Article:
Against transcendental empiricism
What is empiricism? There can be no authoritative answer to any such question. A historian of philosophy can at best try to call what is common to philosophers who either identified themselves, or have traditionally been identified, as empiricists. But what has set those philosophers apart from others, and especially from those whom they criticized, may not be captured in common views or doctrines. The historian may, in trying to fix the label, rely tacitly on a view of what philosophical positions are and how they are to be identified. Finally, it is typical of philosophers who decide to range themselves under some pre-existing banner ("empiricism", "pragmatism", "phenomenology") to change the very philosophy they take on, as much as did their historical heroes in their day. I will here try to give a sustained argument about what empiricism cannot be, and then enter upon a tentative exploration of what it should be (taken to be).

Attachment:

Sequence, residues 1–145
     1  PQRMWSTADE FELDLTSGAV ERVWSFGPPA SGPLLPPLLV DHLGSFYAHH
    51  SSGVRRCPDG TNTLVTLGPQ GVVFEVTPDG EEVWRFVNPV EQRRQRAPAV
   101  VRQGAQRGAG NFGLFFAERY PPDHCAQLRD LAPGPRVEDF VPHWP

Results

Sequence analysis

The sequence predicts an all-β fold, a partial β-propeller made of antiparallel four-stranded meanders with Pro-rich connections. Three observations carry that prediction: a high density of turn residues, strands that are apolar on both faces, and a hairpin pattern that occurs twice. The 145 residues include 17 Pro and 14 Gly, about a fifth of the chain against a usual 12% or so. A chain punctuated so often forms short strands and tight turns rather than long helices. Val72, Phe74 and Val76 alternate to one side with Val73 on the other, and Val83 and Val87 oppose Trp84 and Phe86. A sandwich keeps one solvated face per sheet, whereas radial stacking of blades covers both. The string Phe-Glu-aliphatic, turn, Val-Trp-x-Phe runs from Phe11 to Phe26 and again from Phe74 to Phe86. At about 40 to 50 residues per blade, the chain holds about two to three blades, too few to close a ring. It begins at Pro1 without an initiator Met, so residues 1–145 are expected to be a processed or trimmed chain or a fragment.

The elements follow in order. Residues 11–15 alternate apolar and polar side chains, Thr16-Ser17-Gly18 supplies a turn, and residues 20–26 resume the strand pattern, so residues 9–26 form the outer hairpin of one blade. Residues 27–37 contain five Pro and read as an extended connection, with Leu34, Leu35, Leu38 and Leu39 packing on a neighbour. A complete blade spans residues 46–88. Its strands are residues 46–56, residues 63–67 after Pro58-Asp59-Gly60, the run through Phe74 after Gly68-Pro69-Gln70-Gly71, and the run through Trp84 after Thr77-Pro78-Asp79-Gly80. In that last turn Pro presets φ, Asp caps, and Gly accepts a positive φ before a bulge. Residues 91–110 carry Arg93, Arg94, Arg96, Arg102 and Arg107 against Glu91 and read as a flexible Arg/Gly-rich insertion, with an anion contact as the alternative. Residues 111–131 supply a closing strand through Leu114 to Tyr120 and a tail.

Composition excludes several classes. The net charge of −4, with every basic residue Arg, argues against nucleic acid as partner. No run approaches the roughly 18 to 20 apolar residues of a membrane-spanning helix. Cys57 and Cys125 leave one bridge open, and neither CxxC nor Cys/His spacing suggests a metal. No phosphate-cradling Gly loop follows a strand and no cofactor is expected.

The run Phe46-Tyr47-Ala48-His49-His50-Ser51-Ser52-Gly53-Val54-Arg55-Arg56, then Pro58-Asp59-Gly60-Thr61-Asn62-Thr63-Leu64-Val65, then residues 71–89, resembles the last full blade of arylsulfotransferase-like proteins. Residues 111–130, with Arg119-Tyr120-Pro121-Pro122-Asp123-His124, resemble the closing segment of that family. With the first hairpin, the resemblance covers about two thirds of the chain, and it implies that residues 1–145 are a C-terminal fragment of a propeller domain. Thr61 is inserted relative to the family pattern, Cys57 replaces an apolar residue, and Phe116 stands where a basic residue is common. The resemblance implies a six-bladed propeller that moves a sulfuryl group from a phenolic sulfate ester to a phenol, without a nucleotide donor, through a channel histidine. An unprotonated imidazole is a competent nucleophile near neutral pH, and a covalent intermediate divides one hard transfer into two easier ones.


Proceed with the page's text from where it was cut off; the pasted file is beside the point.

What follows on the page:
van Fraassen, B.C. (1994)., Against transcendental empiricism, in T. J. Stapleton (ed.), The question of hermeneutics, Dordrecht, Springer, pp. 309-335.
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